As a young child I had been introduced to the concept of Christianity and was aware of some of the stories that were said about the man Jesus. To me the stories were just that, written in a book that was opened on a weekly basis for people to talk about and to enjoy reading. At no point did I properly engage with what was being said as I didn’t feel it had any real relevance to me. As I grew up into my teenage years I engaged even less with the faith and reached a point where I had lost all interest and had dismissed religion as wishful thinking, fiction that people had made real in their minds where it suited them. Coming from a relatively privileged background with no real struggles and abundant opportunity ahead of me I felt that everything was laid out and I had no need for anything like that to guide me.

At this point I assumed that we knew enough to be able to remove any need for God to explain life’s questions and that the people who actually believed in him were disillusioned and just liked the comfort of knowing there was something greater out there. This was basically my stance until I reached sixth form at which point I began to notice something in a few of my Christian friends. There was something different in the way they lived their lives, clearly not wanting to live to pursue their own pleasure and self-interests but something else motivated them to live as they were. I was struck by the conviction in their beliefs, I hadn’t met anyone before whose beliefs were so central to their lives and this caused me to wonder how they could possibly put such trust in a God who, all up until this point, I had seen as imaginary. This intrigued me to find out what it was that gave them that confidence. Towards the end of my final year at school and throughout the following summer I made an effort to learn about what Christianity said about Jesus. My close Christian friends were very open to questions and gave clear genuine answers as to why they lived the way they did.

However good things sounded I was in no rush to believe in Christianity because the source of information where this stuff was coming from was that book of fiction I had known about for all this time. I was challenged by someone, a close friend, who said that however much we know about Jesus there is a decision that has to be made. To follow Jesus or to continue living without him. I was asked what it would take for me to believe what was being said about this religion, one that makes outrageous claims and has such a big impact on people’s lives. I needed to work out whether or not I could trust where these claims were coming from so continued to inquire about the reliability of the gospels and how they fitted in with each other and the external evidence. After some deliberation and the weighing up of evidence for and against over a number of months I got to a point where I felt that beyond any reasonable doubt, what the bible said about Jesus was true as a historical account of actual events. Something, however, was stopping me from making the decision to follow Jesus. I knew what alterations it would cause in my life, in my thinking, living and motivations. However good the gains were, I was almost too cowardly to accept what I knew was the truth for fear of change.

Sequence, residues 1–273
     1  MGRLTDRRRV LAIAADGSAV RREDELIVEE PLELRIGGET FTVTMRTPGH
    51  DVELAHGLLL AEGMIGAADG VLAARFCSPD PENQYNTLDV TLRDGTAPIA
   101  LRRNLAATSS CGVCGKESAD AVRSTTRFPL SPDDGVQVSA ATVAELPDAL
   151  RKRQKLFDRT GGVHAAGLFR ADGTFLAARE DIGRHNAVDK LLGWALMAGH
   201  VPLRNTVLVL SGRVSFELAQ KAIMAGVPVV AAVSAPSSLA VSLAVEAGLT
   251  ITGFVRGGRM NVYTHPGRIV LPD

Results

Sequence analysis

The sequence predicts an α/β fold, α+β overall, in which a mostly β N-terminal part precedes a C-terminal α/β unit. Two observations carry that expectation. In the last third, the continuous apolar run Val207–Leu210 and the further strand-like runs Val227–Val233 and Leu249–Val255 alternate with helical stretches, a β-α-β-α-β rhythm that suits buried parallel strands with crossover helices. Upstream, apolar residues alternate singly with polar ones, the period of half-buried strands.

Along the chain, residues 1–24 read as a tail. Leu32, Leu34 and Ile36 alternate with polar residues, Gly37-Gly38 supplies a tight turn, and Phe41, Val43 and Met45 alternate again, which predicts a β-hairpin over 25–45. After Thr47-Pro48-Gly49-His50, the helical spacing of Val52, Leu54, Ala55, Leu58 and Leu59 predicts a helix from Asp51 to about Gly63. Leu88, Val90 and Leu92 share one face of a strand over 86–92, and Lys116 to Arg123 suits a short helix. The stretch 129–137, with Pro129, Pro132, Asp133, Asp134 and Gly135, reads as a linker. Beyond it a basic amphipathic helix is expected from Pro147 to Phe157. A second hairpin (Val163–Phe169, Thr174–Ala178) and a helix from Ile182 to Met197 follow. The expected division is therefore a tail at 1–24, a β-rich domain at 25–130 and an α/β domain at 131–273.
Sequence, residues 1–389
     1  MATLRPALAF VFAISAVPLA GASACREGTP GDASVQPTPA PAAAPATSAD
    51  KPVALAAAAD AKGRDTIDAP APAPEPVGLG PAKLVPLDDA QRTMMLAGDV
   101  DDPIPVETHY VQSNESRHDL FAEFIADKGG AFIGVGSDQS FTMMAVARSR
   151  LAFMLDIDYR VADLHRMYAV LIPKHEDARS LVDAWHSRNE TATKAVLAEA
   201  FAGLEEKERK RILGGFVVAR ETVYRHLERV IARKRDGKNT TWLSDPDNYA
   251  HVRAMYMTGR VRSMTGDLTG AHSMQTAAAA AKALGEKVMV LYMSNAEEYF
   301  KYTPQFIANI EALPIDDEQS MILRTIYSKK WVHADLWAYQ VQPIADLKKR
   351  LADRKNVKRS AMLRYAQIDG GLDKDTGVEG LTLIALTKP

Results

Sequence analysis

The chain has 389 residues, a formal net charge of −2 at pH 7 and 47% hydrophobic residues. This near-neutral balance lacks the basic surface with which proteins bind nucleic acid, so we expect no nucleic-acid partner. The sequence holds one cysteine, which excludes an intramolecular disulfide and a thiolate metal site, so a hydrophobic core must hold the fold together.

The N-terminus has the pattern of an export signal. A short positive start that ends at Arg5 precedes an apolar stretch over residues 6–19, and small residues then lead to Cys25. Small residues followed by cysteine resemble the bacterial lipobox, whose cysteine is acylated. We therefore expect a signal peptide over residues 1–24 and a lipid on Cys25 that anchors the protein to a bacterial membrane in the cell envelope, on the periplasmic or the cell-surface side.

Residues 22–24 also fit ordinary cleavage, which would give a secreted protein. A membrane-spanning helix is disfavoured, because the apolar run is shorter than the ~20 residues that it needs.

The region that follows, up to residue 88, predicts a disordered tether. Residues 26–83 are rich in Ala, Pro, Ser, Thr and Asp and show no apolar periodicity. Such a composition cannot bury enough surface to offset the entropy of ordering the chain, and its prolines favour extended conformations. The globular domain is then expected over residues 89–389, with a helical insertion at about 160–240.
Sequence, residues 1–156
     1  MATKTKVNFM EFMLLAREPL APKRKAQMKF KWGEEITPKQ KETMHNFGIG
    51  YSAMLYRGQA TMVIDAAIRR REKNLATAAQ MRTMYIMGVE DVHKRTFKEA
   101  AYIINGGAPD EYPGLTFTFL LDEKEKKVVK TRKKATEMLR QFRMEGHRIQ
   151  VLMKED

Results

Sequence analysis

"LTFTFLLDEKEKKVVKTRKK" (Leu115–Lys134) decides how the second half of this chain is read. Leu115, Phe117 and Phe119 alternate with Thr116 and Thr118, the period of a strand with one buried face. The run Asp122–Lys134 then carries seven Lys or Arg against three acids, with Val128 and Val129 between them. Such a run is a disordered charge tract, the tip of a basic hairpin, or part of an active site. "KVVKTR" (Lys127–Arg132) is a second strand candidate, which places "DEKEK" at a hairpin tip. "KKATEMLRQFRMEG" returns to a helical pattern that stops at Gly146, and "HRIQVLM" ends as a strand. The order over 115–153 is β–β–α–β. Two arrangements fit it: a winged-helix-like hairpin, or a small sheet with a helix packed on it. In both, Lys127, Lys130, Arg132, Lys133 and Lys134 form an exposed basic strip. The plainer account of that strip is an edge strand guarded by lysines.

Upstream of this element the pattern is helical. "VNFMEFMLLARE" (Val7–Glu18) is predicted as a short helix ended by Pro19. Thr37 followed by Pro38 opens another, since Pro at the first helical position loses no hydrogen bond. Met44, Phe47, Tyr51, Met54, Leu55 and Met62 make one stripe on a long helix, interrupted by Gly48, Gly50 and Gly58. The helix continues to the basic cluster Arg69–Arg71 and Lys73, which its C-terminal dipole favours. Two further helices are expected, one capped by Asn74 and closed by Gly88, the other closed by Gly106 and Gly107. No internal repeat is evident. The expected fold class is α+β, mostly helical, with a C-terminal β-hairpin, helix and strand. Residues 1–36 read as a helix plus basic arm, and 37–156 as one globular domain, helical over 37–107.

Not long after that did I eventually realise that I was suppressing my own reason and that there was really only one option. In April last year (2012) I decided to turn towards Christ, to accept him as my Lord and Saviour who loves me. I acknowledge the fact that I fail to meet God’s perfect standard and am sorry for that but I rejoice in receiving God’s free gift of forgiveness, available for all who want to receive it, and to be part of his family in personal eternal relationship with him.

Since making this decision it has not been simple, there have been times when I have been close to giving up on God altogether but getting through them has only strengthened my faith and my trust in him.

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